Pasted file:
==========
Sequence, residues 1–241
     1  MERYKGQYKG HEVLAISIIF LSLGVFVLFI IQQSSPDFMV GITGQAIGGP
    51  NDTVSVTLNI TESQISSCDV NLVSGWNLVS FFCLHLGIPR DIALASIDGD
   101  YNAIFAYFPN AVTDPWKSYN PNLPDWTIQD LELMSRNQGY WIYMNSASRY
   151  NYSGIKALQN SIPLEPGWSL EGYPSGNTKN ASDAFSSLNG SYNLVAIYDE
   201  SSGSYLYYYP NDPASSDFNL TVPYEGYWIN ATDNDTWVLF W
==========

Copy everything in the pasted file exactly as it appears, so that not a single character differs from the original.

Sequence, residues 1–241
     1  MERYKGQYKG HEVLAISIIF LSLGVFVLFI IQQSSPDFMV GITGQAIGGP
    51  NDTVSVTLNI TESQISSCDV NLVSGWNLVS FFCLHLGIPR DIALASIDGD
   101  YNAIFAYFPN AVTDPWKSYN PNLPDWTIQD LELMSRNQGY WIYMNSASRY
   151  NYSGIKALQN SIPLEPGWSL EGYPSGNTKN ASDAFSSLNG SYNLVAIYDE
   201  SSGSYLYYYP NDPASSDFNL TVPYEGYWIN ATDNDTWVLF W